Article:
Thursday, May 26, 2011

NX-OS Redistribution: what's different?

Hi all,
following the Nexus training course I taught last weeks, I would like to talk a little bit about IPv4 redistribution in NX-OS.

As you may have noticed, the redistribution between routing protocols in NX-OS follows a different logic comparing to IOS, let's try to clarify what is different using a simple two protocols topology.

If you have traditional IOS routers, in this topology you will perform a basic mutual redistribution on R2, something like:

R2(config)#router rip
R2(config-router)#redistribute ospf 1 metric 2 
R2(config-router)#router ospf 1 
R2(config-router)#redistribute rip subnets 

In this way you are redistributing:
-the "protocol learned" routes
-the connected routes that ara participating the redistributed protocol

For example, when you perform redistribution of RIP into OSPF on R2, you will redistribute:
-the RIP learned routes:
R2#sh ip route rip is subnetted, 1 subnets
R [120/1] via, 00:00:05, FastEthernet0/0
-the connected interfaces that are running RIP:
R2#sh ip protocols 
Routing Protocol is "rip"

  Routing for Networks:


That's why on R3 you will find all the routes correctly learned through OSPF:
R3#sh ip route 
Codes: C - connected, S - static, R - RIP, M - mobile, B - BGP
       D - EIGRP, EX - EIGRP external, O - OSPF, IA - OSPF inter area 
       N1 - OSPF NSSA external type 1, N2 - OSPF NSSA external type 2
       E1 - OSPF external type 1, E2 - OSPF external type 2
       i - IS-IS, su - IS-IS summary, L1 - IS-IS level-1, L2 - IS-IS level-2
       ia - IS-IS inter area, * - candidate default, U - per-user static route
       o - ODR, P - periodic downloaded static route

Gateway of last resort is not set is subnetted, 1 subnets
O E2 [110/20] via, 00:01:09, FastEthernet0/0 is subnetted, 1 subnets
O E2 [110/20] via, 00:01:09, FastEthernet0/0 is subnetted, 1 subnets
C is directly connected, Loopback1 is subnetted, 2 subnets
C is directly connected, FastEthernet0/0
O E2 [110/20] via, 00:01:09, FastEthernet0/0

Ok, no surprise until here, but what's different in NX-OS ?
Let's modify the same topology, using a NX-OS L3 device instead of R2:

Obviously the routing protocol configuration is different, but is also different the redistribution logic.

1) redistribution in NX-OS ALWAYS needs a route-map:
In this case we can use a "permit any" prefix list, just to perform a quick and dirty job :-)
I believe the route map limitation was introduced to force network engineer to think about redistribution and possibly try avoid l00ps.

the config may look something like this (I don't have a 7k to test it at the moment...)
ip prefix-list ALL-NETWORKS seq 5 permit le 32 

route-map ALL-NETWORKS permit 10
  match ip address prefix-list ALL-NETWORKS

router ospf 1 
  redistribute rip TEST route-map ALL-NETWORKS

2) redistribution logic is different: with the above configuration ONLY the RIP learned routes are redistributed, NOT the connected routes, even they are participating to the RIP process.
In fact, you are redistributing only the routes that you can see with the "show ip route rip" command.
That's why it's a normal behavior to have R3 receiving only the prefix.
The and routes are NOT redistributed because they are NOT learned via RIP on N7k-2.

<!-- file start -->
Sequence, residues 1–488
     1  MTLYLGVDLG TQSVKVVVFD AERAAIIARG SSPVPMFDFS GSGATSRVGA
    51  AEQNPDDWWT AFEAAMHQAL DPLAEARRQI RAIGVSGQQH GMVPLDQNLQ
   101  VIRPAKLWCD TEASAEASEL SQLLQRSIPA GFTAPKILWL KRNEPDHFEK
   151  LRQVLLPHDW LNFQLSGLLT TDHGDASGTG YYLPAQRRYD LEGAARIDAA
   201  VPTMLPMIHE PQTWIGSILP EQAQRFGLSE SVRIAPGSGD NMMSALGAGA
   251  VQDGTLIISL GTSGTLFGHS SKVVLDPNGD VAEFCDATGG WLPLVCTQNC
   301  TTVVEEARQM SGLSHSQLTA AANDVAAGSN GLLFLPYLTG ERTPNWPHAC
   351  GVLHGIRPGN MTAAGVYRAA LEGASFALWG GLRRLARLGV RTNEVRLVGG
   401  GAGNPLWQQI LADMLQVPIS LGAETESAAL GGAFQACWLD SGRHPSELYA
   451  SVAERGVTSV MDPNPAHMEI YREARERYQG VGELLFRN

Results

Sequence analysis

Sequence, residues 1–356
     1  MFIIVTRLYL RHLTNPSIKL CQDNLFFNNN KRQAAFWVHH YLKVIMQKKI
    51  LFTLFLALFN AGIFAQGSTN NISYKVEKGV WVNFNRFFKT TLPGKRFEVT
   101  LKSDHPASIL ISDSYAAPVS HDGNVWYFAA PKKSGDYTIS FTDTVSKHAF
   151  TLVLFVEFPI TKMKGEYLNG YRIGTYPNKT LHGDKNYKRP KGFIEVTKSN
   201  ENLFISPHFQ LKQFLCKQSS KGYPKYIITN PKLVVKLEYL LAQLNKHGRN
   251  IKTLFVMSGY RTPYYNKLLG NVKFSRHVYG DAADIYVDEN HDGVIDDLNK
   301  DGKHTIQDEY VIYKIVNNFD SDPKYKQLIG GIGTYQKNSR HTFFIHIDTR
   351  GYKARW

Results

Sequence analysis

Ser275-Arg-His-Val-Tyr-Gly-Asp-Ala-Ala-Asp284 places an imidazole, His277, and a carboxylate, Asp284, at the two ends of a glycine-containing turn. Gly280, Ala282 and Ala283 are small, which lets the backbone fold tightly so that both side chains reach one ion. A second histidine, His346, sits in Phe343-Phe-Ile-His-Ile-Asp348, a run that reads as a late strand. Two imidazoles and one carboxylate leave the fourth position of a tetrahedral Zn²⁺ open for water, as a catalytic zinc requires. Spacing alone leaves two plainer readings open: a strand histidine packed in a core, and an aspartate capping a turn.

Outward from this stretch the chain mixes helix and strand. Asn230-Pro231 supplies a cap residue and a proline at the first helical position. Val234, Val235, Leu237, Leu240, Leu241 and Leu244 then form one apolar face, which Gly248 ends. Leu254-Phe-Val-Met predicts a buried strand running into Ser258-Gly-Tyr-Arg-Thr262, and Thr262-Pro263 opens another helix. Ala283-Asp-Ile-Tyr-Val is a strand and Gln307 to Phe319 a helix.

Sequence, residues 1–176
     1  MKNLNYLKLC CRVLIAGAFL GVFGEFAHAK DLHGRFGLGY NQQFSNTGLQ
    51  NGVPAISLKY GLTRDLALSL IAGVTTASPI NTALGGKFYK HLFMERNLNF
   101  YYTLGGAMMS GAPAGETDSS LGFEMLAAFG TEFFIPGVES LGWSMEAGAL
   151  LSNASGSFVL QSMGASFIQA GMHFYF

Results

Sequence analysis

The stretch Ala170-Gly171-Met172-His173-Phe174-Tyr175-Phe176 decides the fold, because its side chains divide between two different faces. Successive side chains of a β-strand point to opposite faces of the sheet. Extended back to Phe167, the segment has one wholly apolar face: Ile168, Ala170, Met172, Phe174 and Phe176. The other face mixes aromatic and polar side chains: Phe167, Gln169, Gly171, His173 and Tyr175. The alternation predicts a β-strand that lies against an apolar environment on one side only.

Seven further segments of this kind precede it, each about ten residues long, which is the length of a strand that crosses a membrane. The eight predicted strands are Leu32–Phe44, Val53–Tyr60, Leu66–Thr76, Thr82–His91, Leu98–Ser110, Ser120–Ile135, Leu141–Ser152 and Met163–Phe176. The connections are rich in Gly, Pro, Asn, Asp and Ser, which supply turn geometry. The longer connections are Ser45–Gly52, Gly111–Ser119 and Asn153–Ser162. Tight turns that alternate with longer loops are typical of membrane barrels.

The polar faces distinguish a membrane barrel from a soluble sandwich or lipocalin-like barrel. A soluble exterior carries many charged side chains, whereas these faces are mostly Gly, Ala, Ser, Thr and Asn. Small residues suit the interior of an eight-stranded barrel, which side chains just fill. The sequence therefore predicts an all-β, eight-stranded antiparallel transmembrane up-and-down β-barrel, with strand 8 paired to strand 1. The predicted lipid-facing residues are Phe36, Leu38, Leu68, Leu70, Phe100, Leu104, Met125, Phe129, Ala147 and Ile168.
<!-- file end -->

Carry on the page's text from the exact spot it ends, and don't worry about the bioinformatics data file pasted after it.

To have also the connected N7k-2 routes redistributed into OSPF, you have to perform another redistribution...

3) redistribute CONNECTED need a different command! (can't understand why! the old one was so ugly?)
You need also a route-map to perform the connected redistribution. The config will look something like this:
ip prefix-list CONN seq 5 permit 
ip prefix-list CONN seq 10 permit 

route-map CONN>OSPF permit 10
  match ip address prefix-list CONN

router ospf 1 
  redistribute direct route-map CONN>OSPF
You can also avoid using a prefix list and simply use a match interface on the route-map...

Summary: when you are configuring redistribution in NX-OS, probably you will need to configure a double redistribution, the first for the protocol learned routes and the second for the connected routes.


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If you and your company are interested to learn more about NX-OS and Nexus devices, you may consider to attend a NEXUS Advanced Training Course by Europa Networking, having good chances to have me as instructor. :-)

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Tuesday, May 24, 2011

Still alive

Hi all,
some of my readers mailed me or chatted to know if I still alive, well, thanks a lot, I'm actually breathing, but I was busy on various projects in the last 3 months.

I started developing CCIE R&S products for IPExpert Inc, I hope you will see my name listed on the IPExpert web site and my insane labs in their workbooks soon.
That's why I stopped posting labs on the blog, I was using all my fantasy resources for the workbook. (by the way... if you want to buy it... :-) )

Also I managed to collaborate with Europa Networking to deliver an Advanced Nexus Training.

Here's a shot:

It was also a nice opportunity to play a lot with a couple of Nexus platforms, the course was a good balance between theory and practice.
(...and if your organization has just acquired some Nexus platforms or you are planning to use the Nexus 1000V on your VMware infrastructure, take a look on the Europa Networking web site, you have good chances to have me as instructor).

Plans for the future:
-Deliver more and more NX-OS training on various locations worldwide
-Hopefully continue the collaboration with IPExpert
-Do some consulting-spots (1 or 2 weeks) in UK or in other english/german/spanish speaking country (any proposal?)